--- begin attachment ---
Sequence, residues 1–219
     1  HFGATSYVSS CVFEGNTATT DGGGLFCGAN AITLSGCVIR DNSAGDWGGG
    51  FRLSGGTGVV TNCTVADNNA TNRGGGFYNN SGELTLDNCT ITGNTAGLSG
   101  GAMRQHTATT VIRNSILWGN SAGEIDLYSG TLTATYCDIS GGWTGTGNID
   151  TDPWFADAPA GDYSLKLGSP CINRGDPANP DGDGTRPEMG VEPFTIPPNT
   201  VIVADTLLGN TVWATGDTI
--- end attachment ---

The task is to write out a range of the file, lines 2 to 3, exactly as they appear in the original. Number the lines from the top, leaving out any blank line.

     1  HFGATSYVSS CVFEGNTATT DGGGLFCGAN AITLSGCVIR DNSAGDWGGG
    51  FRLSGGTGVV TNCTVADNNA TNRGGGFYNN SGELTLDNCT ITGNTAGLSG